If you're planning to stay in Spain for a few years only (say less than three), then renting is usually the best solution since the costs associated with purchasing a house can be 10% of its value. It's also the answer for those who don't want the trouble, expense and restrictions associated with buying a property.
Furnished or unfurnished
Most rental properties in Spain are let unfurnished, particularly for lets longer than one year.
Note that "unfurnished" doesn't simply mean "without furniture" in Spain. An unfurnished property, particularly in major cities, is usually an "empty shell" with no light fixtures, curtain rods or even a television aerial. There's also no cooker, refrigerator or dishwasher and there may even be no kitchen units, carpets or kitchen sink! Always ask before viewing as you may save yourself a wasted trip. If the previous tenant has fitted items such as carpets and kitchen cupboards, he may ask you to reimburse him for the cost. You should be prepared to negotiate the price and make sure that you receive value for money.
Finding a property to rent in Madrid is similar to the situation in London or Paris. There are a number of ways of finding a property to rent, including the following:
To find accommodation through advertisements in local newspapers you must usually be quick off the mark. Buy the newspaper as soon as it's published and start phoning straight away. You must be available to inspect properties immediately or at any time. The best days for advertisements are usually Fridays and Saturdays. Advertisers may be private owners, real-estate managers or letting agencies (particularly in major cities).
Rents for a 2-bedroom apartment in a large city can be 500-600€ per month, while a 3 bedroom house can be around 1200€ per month. In addition, you might pay a real estate agent up to 1 months rent, and a guarantee equal to 1 month.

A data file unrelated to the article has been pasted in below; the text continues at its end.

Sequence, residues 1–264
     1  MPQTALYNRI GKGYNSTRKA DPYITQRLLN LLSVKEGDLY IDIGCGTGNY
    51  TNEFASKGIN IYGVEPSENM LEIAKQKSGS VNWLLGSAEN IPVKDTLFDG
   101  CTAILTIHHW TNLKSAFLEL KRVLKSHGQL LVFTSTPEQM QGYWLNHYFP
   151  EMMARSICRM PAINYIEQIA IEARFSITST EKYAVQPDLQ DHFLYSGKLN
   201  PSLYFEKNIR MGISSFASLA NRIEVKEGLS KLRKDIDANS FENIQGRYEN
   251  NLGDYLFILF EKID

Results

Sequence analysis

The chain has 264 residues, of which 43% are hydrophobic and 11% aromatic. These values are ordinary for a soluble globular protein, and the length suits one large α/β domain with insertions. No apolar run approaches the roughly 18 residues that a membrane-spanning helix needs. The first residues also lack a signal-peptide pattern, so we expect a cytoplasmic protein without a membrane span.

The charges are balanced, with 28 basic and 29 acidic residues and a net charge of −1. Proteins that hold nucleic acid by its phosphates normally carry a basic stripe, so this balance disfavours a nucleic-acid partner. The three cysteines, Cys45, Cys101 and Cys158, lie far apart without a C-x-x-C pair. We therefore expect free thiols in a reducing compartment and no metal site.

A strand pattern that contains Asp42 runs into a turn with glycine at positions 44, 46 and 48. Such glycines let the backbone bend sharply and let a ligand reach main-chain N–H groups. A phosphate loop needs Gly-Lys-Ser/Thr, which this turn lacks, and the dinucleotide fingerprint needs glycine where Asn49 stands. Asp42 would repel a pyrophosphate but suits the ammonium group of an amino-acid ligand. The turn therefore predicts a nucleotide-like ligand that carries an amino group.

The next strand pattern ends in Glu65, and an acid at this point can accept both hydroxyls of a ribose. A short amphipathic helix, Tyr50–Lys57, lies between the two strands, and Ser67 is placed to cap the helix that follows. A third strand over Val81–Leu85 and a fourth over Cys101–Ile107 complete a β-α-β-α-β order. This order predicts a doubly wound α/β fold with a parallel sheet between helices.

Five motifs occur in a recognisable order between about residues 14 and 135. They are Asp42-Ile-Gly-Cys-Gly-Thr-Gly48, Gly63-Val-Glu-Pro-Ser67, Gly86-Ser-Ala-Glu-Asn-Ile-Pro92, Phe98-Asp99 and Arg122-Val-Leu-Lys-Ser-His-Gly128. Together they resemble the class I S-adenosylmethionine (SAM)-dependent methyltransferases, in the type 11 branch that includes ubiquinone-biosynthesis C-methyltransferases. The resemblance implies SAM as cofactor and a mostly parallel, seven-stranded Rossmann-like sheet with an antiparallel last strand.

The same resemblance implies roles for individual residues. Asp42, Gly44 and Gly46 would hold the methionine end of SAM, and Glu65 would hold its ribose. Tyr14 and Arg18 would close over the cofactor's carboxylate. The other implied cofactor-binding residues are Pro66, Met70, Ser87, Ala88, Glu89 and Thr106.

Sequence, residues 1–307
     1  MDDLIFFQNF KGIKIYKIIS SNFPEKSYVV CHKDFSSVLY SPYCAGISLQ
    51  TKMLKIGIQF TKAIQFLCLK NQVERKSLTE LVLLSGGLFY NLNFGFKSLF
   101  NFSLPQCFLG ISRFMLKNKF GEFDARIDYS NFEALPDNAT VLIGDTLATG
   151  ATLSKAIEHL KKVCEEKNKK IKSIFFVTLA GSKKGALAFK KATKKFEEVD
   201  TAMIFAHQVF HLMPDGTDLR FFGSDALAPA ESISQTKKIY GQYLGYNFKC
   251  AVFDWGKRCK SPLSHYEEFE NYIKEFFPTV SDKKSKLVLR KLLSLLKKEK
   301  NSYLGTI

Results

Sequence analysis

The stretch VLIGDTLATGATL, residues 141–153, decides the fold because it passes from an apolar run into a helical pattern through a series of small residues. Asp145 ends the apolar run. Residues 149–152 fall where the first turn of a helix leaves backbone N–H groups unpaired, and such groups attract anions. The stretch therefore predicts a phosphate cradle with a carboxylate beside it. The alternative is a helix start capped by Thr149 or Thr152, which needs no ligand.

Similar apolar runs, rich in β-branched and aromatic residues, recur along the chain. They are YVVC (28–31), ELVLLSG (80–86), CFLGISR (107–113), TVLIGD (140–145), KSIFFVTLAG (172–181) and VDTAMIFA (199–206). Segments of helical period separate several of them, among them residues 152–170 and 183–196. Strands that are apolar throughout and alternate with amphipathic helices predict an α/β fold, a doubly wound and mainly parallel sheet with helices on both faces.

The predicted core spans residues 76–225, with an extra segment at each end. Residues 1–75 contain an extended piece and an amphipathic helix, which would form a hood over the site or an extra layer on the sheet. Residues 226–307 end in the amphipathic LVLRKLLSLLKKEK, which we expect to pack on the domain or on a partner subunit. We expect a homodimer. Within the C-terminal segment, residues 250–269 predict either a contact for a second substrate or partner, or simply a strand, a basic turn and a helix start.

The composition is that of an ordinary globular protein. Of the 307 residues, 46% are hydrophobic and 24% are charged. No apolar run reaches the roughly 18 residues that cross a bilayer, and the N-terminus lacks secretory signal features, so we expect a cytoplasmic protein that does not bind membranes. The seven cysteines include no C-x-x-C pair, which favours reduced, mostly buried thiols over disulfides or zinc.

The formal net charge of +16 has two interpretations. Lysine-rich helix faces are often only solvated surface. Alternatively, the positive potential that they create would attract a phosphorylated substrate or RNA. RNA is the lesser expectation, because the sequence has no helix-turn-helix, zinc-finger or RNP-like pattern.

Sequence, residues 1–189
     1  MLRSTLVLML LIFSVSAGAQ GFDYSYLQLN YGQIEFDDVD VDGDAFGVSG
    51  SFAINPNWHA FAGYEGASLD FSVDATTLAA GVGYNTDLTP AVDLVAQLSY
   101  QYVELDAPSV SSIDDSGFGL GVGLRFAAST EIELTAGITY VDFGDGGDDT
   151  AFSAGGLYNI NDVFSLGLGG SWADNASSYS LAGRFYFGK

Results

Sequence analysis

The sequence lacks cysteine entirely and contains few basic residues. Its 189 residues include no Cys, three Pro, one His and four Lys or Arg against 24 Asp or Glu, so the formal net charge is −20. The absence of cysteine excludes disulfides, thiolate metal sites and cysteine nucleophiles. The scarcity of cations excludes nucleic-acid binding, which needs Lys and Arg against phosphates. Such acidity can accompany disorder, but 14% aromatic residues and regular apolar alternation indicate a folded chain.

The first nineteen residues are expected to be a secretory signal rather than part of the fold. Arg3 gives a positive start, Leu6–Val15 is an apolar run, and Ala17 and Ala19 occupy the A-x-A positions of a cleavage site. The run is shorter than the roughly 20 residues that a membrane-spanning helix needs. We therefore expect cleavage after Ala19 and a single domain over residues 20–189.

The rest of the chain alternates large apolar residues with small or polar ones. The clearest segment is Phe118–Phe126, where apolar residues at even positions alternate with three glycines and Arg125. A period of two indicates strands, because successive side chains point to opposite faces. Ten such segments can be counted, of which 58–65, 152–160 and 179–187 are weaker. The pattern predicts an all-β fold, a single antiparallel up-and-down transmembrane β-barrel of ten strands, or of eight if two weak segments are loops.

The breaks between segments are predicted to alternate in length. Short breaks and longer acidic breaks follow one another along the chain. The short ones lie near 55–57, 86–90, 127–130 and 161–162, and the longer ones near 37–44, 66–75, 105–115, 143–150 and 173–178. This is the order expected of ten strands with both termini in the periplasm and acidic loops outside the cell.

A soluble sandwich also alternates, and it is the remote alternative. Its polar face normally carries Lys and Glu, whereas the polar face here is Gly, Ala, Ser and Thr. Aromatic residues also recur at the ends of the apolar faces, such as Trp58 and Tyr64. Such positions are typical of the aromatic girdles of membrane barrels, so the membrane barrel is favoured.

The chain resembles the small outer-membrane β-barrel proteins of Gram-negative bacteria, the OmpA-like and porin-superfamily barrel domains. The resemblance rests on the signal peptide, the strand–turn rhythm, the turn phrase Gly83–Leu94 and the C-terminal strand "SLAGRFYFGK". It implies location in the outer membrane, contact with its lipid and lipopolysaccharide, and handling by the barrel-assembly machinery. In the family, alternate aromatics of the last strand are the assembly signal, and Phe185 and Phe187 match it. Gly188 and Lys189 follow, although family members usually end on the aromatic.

In case of a dispute with the landlord
If you have a complaint regarding a long-term rental, you should report it to the local municipal consumers' information office (Oficina Municipal de Información al Consumidor/OMIC). If they're unable to help you, they will direct you to the office where you can make a formal complaint.
A rental contract (contrato de arrendamiento) is necessary when renting any property in Spain, whether long or short term. A short-term or temporary (arriendo de temporada or contrato de arrendamiento de finca urbana amueblada, por temporada) contract is usually for holiday letting (although it also applies to lets of up to a year) and provides tenants with less rights than a long-term (arriendo de viviendas) contract. You can rent a property without a contract, although it's always advisable to have a written contract. When a landlord accepts a rent payment there's an implicit contract, although this is only for the period for which you have paid. You should receive a written receipt for all rental payments.
Duration of the lease
Under the new law a rental contract for a principal home has a minimum duration of five years and is renewable annually by mutual consent. A contract is tacitly increased for one year if the tenant doesn't give the landlord 30 days' notice before the end of a year and rent increases are limited to the rise in the consumer price (inflation) index (Indice de Precios al Consumo/IPC). If a landlord wishes to recover a property for his own use he can refuse to extend the contract beyond five years. A tenant must pay a deposit of one month's rent against damages, which is held by an independent agency.
A tenant can terminate the contract (and is entitled to compensation) if the landlord has caused changes or disturbances in the property, doesn't carry out the repairs necessary to keep the property in adequate condition, or doesn't offer the services stated in the contract.
Tenants may be required to pay property tax (IBI) and community fees if it's specified in the contract. Long-term tenants must take out third party insurance for a property they are renting.
When renting a property you may be required to complete and sign an inventory (inventario) of the fixtures, fittings and furnishings and make a report of its general condition. If you find a serious fault after signing the inventory, send a registered letter to your landlord asking for it to be attached to the inventory. When leaving rented accommodation you may be required to pay for cleaning, unless you leave it in a spotless condition. Check that you aren't overcharged; the going rate is usually less than 6€s an hour.
You can also consult on the Internet:
For more information: http://www.survivalbooks.net
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